The bonds you create with people will be incomparable and lifelong. The changes, challenges, triumphs, isolation and loneliness you´ll face will be beyond compare and they will slowly chisel an entirely new you from the remains of your former life.
You´ll look in the mirror one day and barely recognize who you´ve become.
This is the lifestyle I disappeared into for over a year before emmerging on the other side in central Bolivia.
I´d finally found a place that I loved enough to settle down again. My boyfriend and I got a place together and we got engaged.
Everyone congratulated me and told me I was blessed.
And though I was happy and in love…a strange feeling began to creep over me after a couple months of keeping my feet in one place, working a regular job and getting on with what is commonly referred to as a “normal life”.
I started having panic attacks. Real, honest to god, wake you in the dead of night panic attacks.
I was getting restless and angry over tiny, trival things. Any minor slight that I was dealt triggered an immediate and drastic re-evaluation of my life choice to “settle” and left me wanting to pack my bag and head back out into the horizon.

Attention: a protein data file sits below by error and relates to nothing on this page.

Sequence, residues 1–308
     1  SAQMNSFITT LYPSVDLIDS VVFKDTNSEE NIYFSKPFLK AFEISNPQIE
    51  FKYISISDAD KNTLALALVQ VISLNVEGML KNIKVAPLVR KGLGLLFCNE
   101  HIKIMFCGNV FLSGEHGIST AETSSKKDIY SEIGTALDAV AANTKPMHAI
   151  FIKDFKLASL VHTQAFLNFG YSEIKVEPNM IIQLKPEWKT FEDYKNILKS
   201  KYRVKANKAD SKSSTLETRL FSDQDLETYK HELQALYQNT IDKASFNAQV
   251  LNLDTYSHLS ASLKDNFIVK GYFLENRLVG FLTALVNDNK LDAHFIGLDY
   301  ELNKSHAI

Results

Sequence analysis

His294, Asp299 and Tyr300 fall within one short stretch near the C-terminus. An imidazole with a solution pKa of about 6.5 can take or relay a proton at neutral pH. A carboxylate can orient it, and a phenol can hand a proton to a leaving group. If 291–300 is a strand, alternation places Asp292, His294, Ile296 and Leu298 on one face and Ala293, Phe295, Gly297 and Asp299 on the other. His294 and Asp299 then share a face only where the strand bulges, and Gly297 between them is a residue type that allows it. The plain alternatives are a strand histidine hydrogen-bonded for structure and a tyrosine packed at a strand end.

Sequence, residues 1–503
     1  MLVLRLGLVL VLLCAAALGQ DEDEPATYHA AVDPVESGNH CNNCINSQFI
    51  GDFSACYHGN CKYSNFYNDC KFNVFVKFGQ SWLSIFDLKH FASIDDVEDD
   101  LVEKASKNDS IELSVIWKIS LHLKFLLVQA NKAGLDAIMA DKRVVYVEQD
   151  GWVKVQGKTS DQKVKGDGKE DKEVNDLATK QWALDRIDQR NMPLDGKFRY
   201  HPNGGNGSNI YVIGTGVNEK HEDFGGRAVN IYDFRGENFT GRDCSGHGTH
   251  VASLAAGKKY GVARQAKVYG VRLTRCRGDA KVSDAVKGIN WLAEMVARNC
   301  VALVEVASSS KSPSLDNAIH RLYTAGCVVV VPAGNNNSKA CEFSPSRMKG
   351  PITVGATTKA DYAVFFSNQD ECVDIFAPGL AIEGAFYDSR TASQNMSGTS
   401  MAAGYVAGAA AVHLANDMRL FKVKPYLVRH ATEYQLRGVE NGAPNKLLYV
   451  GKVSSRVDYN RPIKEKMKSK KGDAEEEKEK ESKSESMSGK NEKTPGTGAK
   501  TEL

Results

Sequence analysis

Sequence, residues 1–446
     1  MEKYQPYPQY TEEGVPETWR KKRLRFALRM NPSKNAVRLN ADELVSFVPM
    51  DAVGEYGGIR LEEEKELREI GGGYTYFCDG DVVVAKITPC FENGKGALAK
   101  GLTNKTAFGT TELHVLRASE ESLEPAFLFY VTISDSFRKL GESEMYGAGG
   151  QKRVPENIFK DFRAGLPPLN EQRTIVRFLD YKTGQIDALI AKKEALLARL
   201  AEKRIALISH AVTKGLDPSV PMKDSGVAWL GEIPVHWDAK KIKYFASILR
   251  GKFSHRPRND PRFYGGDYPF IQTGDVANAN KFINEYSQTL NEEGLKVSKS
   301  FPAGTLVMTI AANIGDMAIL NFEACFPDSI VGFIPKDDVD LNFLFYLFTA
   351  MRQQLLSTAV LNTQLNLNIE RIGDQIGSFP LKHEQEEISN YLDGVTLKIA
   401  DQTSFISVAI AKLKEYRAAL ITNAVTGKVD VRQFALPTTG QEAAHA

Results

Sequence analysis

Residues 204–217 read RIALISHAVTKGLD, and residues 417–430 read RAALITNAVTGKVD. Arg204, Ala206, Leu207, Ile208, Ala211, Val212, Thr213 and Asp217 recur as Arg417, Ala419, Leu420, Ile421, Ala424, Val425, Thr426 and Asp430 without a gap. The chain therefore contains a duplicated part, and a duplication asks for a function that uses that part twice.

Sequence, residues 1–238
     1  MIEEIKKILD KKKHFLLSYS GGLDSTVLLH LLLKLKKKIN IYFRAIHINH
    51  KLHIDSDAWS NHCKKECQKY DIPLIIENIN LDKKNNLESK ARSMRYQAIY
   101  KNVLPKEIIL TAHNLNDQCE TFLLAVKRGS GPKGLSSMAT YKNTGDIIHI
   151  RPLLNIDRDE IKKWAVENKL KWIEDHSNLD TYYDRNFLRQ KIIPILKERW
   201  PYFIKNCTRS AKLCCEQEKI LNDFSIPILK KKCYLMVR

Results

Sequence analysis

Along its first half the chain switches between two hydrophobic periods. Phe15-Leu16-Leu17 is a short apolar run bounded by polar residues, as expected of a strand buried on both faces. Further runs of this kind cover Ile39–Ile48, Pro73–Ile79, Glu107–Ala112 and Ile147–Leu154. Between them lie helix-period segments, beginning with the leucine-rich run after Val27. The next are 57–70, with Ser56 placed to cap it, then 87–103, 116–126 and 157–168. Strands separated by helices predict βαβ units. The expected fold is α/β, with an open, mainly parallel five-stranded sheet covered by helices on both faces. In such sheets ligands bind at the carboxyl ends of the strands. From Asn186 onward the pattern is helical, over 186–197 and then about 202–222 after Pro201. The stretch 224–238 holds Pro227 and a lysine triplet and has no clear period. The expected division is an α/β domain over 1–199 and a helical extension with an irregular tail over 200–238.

I´d lost the ability to relate to people living a stationary life and felt like I was drowning. I felt like I was missing out by staying put and trying to reassimilate. I even tried talking myself out of the happy, stable and loving relationship I was in (Um…self sabotage much?)
I had developed a serious case of destination addiction, for which there is no magical pill to cure.
And the worst part: There was no one I could talk to who could relate to what I was going through.
Most people you know will get huffy and adopt a “Shut up and be grateful for your amazing experiences” kind of attitude when you try to explain how you´re feeling.
The problem wasn´t that I couln´t handle NOT “being on vacation”. I hadn´t BEEN on vacation. The problem was that I´d been living a completely different life on what might as well have been a parallel version of earth.
Being a long term nomad demands a different set of skills to survive. It requires an amount of work most people will never understand. There are very few (if any) conveniences or comforts. Everything we love and cherish fits in a 60 liter (or smaller) backpack. Losing a scrap of paper someone drew an original sketch on or a funky little travel charm given to you by a friend is cause for mental anguish and tears. You even celebrate holidays and birthdays differently.